For the third time in the past six months, Wyoming state health officials reported a plague case in a cat. The most recently confirmed case was in a Johnson County cat. No human cases have been identified.
The others were in Sheridan and Campbell counties.
Only six human cases of plague have been exposed in Wyoming since 1978 with the last one investigated in 2008. There is an average of seven human plague cases each year in the United States.
“Plague is a serious bacterial infection that can be deadly for pets and people if not treated as soon as possible with antibiotics,” said Dr. Alexia Harrist, state health officer and state epidemiologist with WDH. “The disease can be passed to humans from ill animals and by fleas coming from infected animals. We are letting people know of the potential threat in the cat’s home area as well as across the state.”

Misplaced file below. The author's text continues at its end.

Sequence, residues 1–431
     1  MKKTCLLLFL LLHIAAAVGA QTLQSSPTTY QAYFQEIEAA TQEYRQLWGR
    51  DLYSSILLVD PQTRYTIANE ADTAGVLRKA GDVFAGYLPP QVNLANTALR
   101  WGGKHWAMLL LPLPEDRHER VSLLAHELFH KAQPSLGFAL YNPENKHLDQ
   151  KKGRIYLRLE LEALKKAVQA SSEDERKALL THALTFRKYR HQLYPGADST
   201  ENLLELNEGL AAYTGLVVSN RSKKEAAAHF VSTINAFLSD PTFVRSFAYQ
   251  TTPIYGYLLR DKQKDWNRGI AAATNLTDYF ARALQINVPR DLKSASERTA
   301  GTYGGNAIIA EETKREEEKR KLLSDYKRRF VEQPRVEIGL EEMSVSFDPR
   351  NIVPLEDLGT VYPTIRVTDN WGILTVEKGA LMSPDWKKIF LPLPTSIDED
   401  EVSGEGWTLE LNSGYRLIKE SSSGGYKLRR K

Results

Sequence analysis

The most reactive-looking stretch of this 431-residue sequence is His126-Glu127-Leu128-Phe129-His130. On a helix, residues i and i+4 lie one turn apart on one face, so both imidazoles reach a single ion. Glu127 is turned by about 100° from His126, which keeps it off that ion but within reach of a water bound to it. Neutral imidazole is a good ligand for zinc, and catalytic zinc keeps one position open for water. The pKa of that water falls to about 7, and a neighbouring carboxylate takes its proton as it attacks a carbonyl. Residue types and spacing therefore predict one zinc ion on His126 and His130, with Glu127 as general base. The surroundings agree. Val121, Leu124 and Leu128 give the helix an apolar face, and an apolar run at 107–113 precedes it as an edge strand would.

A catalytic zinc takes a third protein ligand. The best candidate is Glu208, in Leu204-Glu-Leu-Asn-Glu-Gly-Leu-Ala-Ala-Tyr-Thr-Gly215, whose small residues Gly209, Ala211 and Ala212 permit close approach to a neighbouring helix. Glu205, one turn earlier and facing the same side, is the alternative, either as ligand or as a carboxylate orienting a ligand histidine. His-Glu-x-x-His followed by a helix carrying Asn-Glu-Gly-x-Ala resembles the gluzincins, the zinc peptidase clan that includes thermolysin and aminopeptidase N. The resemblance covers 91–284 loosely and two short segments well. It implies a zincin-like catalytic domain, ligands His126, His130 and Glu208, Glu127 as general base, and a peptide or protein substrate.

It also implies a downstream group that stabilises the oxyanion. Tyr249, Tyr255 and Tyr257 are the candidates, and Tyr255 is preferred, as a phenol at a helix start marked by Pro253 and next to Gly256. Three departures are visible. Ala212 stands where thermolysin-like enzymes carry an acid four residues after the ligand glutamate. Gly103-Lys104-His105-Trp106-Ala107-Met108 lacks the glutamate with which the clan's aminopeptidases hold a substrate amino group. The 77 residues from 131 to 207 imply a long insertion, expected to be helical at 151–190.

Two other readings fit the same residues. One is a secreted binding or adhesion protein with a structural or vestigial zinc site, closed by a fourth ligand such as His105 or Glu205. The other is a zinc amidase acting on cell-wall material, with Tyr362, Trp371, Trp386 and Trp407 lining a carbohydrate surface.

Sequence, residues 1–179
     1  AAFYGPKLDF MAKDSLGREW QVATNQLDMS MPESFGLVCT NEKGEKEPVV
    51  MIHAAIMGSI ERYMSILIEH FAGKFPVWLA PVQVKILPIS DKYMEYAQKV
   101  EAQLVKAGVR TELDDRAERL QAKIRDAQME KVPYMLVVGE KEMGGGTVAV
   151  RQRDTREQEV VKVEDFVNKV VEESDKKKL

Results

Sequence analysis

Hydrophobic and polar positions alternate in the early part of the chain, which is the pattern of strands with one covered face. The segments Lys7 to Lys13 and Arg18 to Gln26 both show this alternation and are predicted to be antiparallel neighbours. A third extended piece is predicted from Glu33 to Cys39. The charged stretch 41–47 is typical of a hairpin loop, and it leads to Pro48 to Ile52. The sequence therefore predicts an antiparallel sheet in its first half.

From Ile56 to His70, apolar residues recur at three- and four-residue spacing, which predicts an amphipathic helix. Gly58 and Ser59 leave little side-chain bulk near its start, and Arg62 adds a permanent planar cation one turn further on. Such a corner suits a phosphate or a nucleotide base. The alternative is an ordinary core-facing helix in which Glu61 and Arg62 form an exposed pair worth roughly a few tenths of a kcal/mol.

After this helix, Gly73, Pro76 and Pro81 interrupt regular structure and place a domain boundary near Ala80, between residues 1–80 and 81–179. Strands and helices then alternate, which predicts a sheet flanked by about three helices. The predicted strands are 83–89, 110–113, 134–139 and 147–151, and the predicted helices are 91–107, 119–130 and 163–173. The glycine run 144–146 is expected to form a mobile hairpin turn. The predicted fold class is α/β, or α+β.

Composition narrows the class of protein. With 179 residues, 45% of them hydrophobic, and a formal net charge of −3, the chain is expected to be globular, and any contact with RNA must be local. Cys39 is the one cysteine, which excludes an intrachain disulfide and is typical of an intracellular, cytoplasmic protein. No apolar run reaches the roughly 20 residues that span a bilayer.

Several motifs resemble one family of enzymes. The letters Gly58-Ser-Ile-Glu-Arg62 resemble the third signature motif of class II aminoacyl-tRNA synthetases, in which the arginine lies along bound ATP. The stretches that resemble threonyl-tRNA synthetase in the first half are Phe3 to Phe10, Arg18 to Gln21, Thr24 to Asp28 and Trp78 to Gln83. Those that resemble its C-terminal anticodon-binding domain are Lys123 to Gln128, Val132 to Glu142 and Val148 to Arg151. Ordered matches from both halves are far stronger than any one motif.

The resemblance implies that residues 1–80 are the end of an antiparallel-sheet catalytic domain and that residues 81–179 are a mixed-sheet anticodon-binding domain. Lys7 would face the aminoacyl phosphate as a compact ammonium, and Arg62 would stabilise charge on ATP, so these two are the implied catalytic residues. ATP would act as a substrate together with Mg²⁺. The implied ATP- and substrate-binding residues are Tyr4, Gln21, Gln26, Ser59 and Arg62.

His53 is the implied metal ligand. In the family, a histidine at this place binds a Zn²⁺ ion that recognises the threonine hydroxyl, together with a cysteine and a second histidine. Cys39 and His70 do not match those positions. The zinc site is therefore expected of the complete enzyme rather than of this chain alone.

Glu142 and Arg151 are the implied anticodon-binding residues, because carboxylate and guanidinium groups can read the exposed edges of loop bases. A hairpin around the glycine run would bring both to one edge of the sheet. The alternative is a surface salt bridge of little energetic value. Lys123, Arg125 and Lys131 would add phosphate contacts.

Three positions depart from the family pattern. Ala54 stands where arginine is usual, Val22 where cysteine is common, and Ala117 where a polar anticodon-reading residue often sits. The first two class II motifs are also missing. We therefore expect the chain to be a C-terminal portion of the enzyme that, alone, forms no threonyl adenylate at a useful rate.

“While the disease is rare in humans, plague occurs naturally in the western United States in areas where rodents and their fleas become infected,” Harrist said.
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Recommended precautions to help prevent plague infection include:
- Use insect repellent on boots and pants when in areas that might have fleas
- Use flea repellent on pets, and properly dispose of rodents pets may bring home
- Avoid unnecessary exposure to rodents
- Avoid contact with rodent carcasses
- Avoid areas with unexplained rodent die-offs
Plague symptoms in pets can include enlarged lymph glands; swelling in the neck, face or around the ears; fever; chills; lack of energy; coughing; vomiting; diarrhea and dehydration. Ill animals should be taken to a veterinarian.
Plague symptoms in people can include fever, swollen and tender lymph glands, extreme exhaustion, headache, chills, coughing, difficulty breathing, abdominal pain, vomiting and diarrhea. People who are ill should seek professional medical attention.
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